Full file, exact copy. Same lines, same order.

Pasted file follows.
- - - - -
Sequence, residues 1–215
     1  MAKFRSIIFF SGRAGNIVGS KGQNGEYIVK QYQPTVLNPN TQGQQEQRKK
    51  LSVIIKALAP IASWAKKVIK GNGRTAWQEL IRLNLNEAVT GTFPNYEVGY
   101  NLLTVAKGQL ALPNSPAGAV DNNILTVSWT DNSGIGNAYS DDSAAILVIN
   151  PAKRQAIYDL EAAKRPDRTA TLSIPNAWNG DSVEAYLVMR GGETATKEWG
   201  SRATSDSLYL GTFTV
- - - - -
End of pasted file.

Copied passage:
Sequence, residues 1–215
     1  MAKFRSIIFF SGRAGNIVGS KGQNGEYIVK QYQPTVLNPN TQGQQEQRKK
    51  LSVIIKALAP IASWAKKVIK GNGRTAWQEL IRLNLNEAVT GTFPNYEVGY
   101  NLLTVAKGQL ALPNSPAGAV DNNILTVSWT DNSGIGNAYS DDSAAILVIN
   151  PAKRQAIYDL EAAKRPDRTA TLSIPNAWNG DSVEAYLVMR GGETATKEWG
   201  SRATSDSLYL GTFTV